3.  Foster wiser family decisions about AP course loads through timely meetings among parents, kids, and school guidance counselors.  The latter can speak wisely to the emotional nourishment of sleep, time with peers, family time, downtime, cultural time, exercise, and playtime, can testify to the wide availability of admissions to scores of excellent colleges nationwide, and can put the role (less than most people have been told) of APs in admissions into perspective.  This would be no "red light"; after the conversation, families could opt for as many APs as they like.   This is simply a flashing yellow light—but in a communicative, personal way that's more meaningful than just filling out forms.  Counselors can see and respond to family dynamics, and can talk things over with kids and parents making an important decision.


4.  Protect our kids from the siren song of their phones.  Inevitably, this an issue that everyone has strong feelings about, but let's require our students to leave their phones turned off, first bell to last (except for instructional use and medical monitoring).  Emergencies can readily be taken care of via the many classroom phones, office phones, intercoms, and walkie-talkies on campus.  Even at high schools that forbid phone use in class, studies tell us, 60% of students are on them surreptitiously, and surely distracted learning is as unhealthy as distracted driving, especially for teens.  A 2015 study by the London School of Economics showed that, when phone-use was ended on school campuses, student grades rose by 6.4% (14% for underachieving kids).  A ban on phone-use will enrich campus life with a sense of here-and-now connection, protect students from being bullied while at school, help kids to focus on their studies, relieve teachers of tiresome policing, eliminate a common tool for cheating, and will simply extend the policy at all three of Palo Alto's middle schools.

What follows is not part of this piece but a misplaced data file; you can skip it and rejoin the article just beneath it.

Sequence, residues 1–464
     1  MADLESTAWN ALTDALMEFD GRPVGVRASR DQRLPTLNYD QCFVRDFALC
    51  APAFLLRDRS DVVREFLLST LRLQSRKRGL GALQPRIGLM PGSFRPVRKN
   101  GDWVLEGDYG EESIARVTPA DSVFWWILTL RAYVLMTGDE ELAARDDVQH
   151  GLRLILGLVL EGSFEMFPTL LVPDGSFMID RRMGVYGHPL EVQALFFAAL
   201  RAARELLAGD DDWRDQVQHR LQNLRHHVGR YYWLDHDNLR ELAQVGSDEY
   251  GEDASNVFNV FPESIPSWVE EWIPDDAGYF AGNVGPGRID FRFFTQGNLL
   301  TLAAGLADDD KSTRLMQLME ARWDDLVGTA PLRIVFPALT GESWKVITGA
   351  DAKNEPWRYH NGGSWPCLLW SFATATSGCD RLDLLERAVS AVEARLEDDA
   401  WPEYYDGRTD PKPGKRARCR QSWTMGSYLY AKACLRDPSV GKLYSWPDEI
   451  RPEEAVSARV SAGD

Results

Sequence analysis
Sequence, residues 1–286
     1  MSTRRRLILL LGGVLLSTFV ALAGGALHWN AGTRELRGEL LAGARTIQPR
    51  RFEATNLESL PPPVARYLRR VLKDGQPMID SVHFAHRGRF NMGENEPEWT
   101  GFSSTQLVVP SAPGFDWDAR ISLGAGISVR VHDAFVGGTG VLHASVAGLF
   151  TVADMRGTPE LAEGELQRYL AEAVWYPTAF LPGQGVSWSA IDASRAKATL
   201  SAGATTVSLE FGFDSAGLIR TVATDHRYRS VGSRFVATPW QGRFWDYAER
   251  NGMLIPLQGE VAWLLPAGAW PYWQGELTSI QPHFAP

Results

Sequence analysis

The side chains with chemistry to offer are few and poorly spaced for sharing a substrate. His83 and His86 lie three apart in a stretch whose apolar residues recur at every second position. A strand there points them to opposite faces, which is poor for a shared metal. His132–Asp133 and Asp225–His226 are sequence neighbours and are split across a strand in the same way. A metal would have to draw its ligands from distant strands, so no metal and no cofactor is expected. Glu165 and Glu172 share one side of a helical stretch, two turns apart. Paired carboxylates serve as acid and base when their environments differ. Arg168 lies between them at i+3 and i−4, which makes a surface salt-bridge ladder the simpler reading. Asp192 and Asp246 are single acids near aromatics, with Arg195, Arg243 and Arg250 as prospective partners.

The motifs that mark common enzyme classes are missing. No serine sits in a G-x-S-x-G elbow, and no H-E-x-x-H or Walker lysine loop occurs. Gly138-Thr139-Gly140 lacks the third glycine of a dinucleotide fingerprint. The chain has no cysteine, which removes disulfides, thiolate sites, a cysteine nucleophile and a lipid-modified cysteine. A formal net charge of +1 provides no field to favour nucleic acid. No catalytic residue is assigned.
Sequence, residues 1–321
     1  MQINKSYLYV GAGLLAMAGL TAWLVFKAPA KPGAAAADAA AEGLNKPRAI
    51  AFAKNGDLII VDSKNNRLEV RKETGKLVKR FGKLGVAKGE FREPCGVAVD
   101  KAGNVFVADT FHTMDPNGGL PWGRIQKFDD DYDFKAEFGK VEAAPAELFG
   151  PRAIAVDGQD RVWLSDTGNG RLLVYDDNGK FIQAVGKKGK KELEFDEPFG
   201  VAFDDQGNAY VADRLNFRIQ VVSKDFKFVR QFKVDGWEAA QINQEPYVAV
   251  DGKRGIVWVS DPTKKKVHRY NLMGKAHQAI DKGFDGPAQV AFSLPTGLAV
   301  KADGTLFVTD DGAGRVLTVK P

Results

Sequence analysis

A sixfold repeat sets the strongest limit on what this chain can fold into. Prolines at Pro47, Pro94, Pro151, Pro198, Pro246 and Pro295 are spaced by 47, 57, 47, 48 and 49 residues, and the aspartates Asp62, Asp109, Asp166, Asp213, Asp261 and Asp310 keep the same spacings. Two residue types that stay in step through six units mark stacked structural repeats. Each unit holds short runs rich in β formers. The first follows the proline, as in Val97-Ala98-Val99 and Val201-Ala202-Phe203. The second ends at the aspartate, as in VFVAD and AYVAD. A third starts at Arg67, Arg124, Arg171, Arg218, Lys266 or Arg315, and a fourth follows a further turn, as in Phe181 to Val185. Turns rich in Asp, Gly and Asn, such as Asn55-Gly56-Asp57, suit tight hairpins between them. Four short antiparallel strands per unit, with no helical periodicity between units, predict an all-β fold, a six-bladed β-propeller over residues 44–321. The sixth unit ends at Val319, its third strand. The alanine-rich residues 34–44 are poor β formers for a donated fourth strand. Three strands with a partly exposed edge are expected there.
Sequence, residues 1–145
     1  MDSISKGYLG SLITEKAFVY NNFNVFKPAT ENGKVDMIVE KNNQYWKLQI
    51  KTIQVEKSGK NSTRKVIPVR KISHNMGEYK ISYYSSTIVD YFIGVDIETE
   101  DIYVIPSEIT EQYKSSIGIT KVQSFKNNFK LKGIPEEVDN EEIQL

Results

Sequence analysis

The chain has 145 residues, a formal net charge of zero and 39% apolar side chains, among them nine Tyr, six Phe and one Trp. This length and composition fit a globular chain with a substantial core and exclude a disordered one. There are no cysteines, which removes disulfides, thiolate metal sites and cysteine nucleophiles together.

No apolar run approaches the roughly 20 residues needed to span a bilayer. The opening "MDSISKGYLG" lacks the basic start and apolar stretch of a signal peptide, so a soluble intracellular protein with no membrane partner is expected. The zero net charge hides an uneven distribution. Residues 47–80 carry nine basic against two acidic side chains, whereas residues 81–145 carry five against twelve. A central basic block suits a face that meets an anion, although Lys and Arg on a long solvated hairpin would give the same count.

5.  Slow the relentless grade-reporting so our kids have room to ride out the ups and downs of adolescence.  No teenager who’s holding on through a parental divorce or through rejection by a friend should have to live under a G.P.A. gun every day.  Adolescents, already laboring hard in the workshop of identity, need intervals to coast a bit and heal.  (And how would any grown-up feel about getting a workplace performance-review every three weeks?) 


6.  End the anxious, debilitating climate of cheating—the demoralizing atmosphere that kids feel obliged to inhale, just to run the race of school.  Made necessary by outsized workloads, enabled not only by cheating rings and groups but by too many parents, academic fraud erodes so much self-esteem and stirs up so much anxiety—with every project, paper, test—that it's a serious issue of mental well-being.


          For a deeper dive into how and why these steps will alleviate feelings of stress and depression, click on "Our Plan in Full," above.)


A little philosophy:  Save the 2,008—for Healthier Schools believes that teachers and students are the essence of school, and that the thread of gold between teachers and students is caring.